The April 2005 Pacifica House website also references a 2002 report to the University on grade inflation as part of their “focus on reviving intellectual diversity, improving administrative robustness and strengthening the University's institutional reputation.” 

The report, which the Inning Club found and later published, reads that “the role of Pacifica House in this broadening debate is one of tactical observation as well as active interlocution.” 

The report warns about the prevalence of grade inflation among Ivy League schools and urges Brown to address the problem to protect its academic integrity.

Elysee Baraket

We found the names of several alleged Pacifica House members and reached out to them for comment, but no one responded — shockingly. 

Daphne Dluzniewski

Secret societies have a complicated history on campus. Through an Encyclopedia Brunoniana written by Martha Mitchell, we learned about the history of Brown’s Greek organizations. The University considered Greek organizations to be secret societies when they first started popping up on campus in the 1830s, but most members no longer consider themselves to be part of a secret group. In 1844, the University voted that it was against the establishment of secret societies and sought to suppress them. But since then, measures have been put in place to increase the transparency between the University and Greek life organizations, with former president Henry Wriston even being pro-Greek life. Here’s Jack Wrenn:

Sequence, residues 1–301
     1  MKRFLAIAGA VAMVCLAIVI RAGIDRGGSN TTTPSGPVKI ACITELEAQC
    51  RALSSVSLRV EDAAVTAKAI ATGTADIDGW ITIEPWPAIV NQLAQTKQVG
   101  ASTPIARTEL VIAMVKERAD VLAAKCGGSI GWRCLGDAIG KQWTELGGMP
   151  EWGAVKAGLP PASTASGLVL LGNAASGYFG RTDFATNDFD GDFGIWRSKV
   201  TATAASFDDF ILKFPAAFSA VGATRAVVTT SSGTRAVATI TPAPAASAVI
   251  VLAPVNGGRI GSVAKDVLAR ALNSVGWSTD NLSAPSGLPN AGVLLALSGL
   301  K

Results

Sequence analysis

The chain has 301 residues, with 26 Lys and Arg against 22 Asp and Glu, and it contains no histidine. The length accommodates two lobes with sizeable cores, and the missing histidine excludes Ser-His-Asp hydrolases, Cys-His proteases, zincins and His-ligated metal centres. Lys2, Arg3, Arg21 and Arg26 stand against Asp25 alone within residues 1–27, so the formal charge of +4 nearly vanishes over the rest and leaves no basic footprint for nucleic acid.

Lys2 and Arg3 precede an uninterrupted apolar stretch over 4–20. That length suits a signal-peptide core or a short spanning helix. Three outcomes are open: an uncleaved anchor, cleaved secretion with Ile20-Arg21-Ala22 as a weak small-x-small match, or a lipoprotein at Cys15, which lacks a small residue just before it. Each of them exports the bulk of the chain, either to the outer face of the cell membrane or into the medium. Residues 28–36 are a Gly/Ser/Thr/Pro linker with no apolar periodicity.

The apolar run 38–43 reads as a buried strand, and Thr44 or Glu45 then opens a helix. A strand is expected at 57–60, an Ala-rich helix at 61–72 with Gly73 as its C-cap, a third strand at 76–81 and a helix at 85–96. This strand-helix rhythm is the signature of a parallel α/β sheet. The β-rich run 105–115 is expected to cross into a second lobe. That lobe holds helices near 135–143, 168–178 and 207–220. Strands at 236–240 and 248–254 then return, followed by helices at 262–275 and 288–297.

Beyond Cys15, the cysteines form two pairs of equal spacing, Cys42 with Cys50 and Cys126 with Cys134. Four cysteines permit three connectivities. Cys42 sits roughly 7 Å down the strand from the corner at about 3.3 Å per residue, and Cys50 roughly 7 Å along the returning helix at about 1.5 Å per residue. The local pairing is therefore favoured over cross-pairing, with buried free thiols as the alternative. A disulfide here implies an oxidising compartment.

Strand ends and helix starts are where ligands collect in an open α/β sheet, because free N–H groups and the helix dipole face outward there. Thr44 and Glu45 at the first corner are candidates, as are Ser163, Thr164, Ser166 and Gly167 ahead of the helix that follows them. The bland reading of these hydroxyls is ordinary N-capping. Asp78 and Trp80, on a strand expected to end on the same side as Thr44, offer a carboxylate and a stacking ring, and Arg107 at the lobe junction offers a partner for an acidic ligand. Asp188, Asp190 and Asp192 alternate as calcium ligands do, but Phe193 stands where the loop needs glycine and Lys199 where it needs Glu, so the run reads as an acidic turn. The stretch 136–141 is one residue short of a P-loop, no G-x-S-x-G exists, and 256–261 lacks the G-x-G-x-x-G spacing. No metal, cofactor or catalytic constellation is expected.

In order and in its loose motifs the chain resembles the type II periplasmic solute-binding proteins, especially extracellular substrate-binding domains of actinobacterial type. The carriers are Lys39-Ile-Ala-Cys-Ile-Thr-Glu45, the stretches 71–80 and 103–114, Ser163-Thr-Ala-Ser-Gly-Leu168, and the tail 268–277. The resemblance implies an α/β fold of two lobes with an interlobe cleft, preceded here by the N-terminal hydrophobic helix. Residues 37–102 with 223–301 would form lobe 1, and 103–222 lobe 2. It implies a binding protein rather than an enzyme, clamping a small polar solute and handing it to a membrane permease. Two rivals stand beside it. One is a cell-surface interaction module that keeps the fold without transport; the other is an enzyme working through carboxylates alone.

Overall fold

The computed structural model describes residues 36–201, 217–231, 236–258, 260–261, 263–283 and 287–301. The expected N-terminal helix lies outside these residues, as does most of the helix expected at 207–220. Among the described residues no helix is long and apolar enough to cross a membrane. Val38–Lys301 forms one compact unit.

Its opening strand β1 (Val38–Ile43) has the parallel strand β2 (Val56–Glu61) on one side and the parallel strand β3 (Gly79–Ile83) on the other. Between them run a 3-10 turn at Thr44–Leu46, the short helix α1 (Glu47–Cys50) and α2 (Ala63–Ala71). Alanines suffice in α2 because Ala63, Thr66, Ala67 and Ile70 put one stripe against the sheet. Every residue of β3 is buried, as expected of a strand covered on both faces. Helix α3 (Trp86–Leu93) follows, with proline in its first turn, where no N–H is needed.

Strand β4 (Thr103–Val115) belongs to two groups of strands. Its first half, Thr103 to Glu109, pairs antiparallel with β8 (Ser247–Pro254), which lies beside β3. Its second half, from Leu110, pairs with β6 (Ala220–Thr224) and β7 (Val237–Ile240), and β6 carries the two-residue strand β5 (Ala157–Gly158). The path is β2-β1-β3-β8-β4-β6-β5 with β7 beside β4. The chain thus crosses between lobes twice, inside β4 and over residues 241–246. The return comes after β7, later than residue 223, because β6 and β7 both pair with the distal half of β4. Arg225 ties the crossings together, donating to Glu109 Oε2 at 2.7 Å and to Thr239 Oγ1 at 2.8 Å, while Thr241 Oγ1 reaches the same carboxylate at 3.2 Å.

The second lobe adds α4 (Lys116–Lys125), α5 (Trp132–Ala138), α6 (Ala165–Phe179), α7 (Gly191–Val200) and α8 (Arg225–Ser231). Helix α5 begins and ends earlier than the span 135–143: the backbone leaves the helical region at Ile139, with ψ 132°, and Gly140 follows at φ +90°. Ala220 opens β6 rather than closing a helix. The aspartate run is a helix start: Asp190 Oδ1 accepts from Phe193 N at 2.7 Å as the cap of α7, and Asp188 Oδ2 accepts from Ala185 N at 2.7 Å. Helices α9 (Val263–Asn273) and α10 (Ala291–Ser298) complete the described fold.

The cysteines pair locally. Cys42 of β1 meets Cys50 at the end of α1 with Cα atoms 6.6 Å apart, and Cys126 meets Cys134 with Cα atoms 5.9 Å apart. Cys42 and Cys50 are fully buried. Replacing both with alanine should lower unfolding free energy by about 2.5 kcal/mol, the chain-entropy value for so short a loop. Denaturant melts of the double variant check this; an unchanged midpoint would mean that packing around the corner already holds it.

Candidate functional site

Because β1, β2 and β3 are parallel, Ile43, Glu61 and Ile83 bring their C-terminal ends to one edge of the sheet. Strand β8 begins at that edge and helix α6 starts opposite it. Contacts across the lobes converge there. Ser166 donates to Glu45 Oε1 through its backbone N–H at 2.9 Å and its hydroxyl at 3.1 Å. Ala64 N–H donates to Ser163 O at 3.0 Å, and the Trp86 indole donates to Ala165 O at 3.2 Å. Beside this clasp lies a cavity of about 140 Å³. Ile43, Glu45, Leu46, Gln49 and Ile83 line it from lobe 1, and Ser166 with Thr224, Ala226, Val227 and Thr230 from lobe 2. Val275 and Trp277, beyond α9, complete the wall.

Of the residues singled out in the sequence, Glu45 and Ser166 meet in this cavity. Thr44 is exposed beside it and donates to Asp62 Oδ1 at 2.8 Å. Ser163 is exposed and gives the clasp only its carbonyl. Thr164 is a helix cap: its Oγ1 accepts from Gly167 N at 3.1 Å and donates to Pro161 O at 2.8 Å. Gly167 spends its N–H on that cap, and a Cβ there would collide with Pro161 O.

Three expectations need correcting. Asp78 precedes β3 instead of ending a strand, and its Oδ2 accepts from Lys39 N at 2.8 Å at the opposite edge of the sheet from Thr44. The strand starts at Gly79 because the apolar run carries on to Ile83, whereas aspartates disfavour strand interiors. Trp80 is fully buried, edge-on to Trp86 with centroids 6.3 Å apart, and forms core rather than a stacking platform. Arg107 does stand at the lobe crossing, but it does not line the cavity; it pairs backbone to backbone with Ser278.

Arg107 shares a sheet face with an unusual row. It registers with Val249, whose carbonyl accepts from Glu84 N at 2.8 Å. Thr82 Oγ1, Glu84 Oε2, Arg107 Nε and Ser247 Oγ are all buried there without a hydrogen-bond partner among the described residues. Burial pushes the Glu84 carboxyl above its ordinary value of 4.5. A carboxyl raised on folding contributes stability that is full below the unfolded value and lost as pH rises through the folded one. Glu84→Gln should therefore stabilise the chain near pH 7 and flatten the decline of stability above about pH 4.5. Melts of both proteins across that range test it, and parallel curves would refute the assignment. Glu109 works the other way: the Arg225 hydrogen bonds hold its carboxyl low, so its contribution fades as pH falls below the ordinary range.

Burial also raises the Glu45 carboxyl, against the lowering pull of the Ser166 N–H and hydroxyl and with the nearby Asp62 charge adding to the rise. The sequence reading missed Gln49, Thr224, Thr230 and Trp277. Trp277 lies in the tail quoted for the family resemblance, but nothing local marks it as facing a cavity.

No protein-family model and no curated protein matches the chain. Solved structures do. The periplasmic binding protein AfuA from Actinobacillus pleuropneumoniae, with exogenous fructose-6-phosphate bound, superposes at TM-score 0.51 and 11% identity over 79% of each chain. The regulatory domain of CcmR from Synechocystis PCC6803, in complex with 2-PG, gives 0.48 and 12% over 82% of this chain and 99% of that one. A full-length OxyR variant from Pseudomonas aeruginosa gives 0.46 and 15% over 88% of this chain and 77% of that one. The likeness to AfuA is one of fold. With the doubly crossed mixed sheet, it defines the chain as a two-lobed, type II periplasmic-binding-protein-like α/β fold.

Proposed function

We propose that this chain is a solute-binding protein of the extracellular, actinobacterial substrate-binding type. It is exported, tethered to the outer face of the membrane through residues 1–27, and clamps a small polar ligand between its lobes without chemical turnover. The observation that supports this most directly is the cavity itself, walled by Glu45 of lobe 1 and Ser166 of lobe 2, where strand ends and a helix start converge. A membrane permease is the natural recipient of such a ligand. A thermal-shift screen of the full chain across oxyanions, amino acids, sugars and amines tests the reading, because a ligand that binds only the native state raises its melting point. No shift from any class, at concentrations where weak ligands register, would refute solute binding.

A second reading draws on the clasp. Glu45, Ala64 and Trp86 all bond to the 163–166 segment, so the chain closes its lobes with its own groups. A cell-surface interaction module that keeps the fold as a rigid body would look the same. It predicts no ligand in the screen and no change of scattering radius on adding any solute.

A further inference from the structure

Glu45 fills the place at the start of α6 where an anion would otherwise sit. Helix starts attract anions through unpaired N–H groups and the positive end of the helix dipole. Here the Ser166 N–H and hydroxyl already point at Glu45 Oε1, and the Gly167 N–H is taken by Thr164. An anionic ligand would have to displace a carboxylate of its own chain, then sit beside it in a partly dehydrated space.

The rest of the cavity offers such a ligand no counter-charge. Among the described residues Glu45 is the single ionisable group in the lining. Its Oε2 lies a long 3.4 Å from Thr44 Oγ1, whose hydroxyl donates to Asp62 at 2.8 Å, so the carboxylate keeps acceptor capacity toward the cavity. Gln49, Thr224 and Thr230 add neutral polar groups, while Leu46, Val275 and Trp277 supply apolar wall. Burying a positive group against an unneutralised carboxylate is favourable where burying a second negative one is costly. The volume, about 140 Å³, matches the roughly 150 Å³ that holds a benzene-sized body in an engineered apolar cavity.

Jack Wrenn

The history of Secret societies at Brown has very much a history of the interplay between University administrative control and student desires for socialization. And so when students wanted to create organizations that couldn't function within brown structures, they did so outside of those structures.

Daphne Dluzniewski

This was as far as we got in our investigation into Pacificae House, so we began to explore other groups that exist on campus. We definitely got mixed reactions on our reporting. A lot of groups didn’t want to share their secrets with us, so it was pretty challenging to find sources.